The Impact of Mdg in Nigeria

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  • Topic: Millennium Development Goals, Poverty reduction, United Nations
  • Pages : 6 (2452 words )
  • Download(s) : 248
  • Published : May 7, 2012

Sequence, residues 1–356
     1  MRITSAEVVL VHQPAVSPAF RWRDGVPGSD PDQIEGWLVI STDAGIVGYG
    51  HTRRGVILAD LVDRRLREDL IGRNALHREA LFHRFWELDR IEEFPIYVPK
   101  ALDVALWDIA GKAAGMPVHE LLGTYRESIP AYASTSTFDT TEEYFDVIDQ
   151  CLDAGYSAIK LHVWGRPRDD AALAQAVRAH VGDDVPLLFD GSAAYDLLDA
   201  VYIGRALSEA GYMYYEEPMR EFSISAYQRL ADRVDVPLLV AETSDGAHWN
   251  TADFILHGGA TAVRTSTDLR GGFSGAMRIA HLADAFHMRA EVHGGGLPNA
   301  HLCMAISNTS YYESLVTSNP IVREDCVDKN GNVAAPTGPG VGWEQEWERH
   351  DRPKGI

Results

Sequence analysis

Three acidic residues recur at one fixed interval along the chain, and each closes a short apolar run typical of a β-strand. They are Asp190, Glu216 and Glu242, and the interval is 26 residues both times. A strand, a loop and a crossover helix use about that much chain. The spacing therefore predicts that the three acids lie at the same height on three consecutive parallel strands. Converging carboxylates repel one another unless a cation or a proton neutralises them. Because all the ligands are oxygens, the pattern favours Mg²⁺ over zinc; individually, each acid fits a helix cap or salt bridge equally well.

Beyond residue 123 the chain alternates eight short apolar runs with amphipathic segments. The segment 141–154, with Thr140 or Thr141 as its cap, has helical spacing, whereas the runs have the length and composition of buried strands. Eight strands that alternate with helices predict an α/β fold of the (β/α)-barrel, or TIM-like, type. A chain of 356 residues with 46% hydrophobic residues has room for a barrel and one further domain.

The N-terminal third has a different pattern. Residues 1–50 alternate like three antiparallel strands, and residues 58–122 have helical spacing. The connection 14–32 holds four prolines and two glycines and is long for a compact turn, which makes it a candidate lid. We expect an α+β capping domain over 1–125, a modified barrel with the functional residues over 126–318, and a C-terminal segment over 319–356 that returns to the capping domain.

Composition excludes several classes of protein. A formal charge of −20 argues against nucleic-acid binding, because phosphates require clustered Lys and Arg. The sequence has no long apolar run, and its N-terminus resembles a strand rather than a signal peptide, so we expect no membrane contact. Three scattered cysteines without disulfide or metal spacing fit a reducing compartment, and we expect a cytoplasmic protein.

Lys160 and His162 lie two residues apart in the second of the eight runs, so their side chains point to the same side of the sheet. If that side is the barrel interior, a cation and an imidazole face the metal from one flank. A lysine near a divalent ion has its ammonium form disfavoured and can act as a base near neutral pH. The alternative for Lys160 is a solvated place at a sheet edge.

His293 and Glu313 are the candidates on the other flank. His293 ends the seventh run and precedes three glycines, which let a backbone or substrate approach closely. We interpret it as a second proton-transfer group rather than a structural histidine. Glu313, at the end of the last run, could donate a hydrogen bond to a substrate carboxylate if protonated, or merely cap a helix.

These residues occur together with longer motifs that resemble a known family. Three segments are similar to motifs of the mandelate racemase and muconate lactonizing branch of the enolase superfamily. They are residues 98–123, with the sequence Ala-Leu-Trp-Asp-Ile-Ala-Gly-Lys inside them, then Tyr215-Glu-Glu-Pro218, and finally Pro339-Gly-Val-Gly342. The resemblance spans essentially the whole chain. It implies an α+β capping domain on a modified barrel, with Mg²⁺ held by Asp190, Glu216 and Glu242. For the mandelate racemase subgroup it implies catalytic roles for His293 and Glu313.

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Just last month, a major summit was held at the United Nations headquarters to review the progress made by countries on the Millennium Development Goals MDGs, especially in view of the fact that 10 of the 15 years target set by the world body for attaining the target have just reeled by with the attendant skepticisms as to whether it is indeed realizable. 10 years after this noble initiative to improve the lot of mankind, the debate has continued on whether these impoverished countries, the primary targets of the MDGs have actually done enough to take advantage of the global initiative. How sincere have they been this last 10 years in leveraging on the millennium goals to transform living conditions in their countries? How seriously have some of these countries been able to deal with internal official corruption which international non-governmental organizations (NGOs) and UN agencies have identified as the greatest threat to MDGs because whatever fund received from international donors and debt forgiveness package are most likely not going to reach their MDGs destinations. This was why Transparency International (TI) recently called on governments who desire to achieve their MDGs to first of all implement the UN Convention against corruption, stating that it is the most comprehensive legal framework for combating corruption as well as the fact that it has specific articles that can advance pro-MDGs policies. There is also the debate on debt forgiveness itself. Should poor countries who are the beneficiaries of this seeming kindness be really grateful for the debt cancellation or should the gesture be seen for what it is – a reparation of sort for the exploitation and dehumanization of our ancestors. But beyond debt forgiveness, how well have the rich countries as constituted in the G-8 shown commitment to their 0.7 percent Official Development Assistance (ODA) which is recognized by the UN. Under this commitment, each economically advanced country is expected to progressively increase its official development assistance to the developing countries and will do its best to reach a minimum net amount of 0.7 percent of its Gross National Product (GNP). On our local front, there is also palpable cynicism regarding the prosecution of the MDGs. Questions have been asked if the government is doing enough to alleviate poverty and transform the hash social and economic conditions of Nigerians; then the issue of transparency. This piece is therefore, an attempt to present some of the available facts on how our internal MDGs have fared thus far. But before that, let’s refresh our memories on how it all began. The Millennium Development Goals were hatched at the United Nations Summit of 2000 where all the world leaders adopted a United Nations Millennium Declaration from which the eight Goals were promoted to accelerate the development of the world’s poorest countries socially and economically. The first and perhaps the most important Goal is to “Eradicate Extreme Poverty and Hunger.” By this, affected countries are expected to reduce by half the proportion of people living on less than one dollar a day; achieve decent employment for women, men and young people, and halve the proportion of people who suffer from hunger. The second is to “Achieve universal primary education” where by 2015 all children, boys and girls, would have completed their full primary education. Then the third – to “Promote of gender equality and empowerment of women”; fourth, “Reduce Child mortality rate by two-third”; fifth, “Improve maternal health by three-quarters and achieve by 2015 universal access to reproductive health”; sixth, “Combat HIV/AIDS, malaria and other diseases”. Under this particular Goal, the spread of HIV/AIDS, malaria and other major life threatening diseases are expected to have been halted and reversed by 2015 while by 2010 (i.e. this year) universal access to the treatment of HIV/AIDS for those who need it should have been achieved. The...
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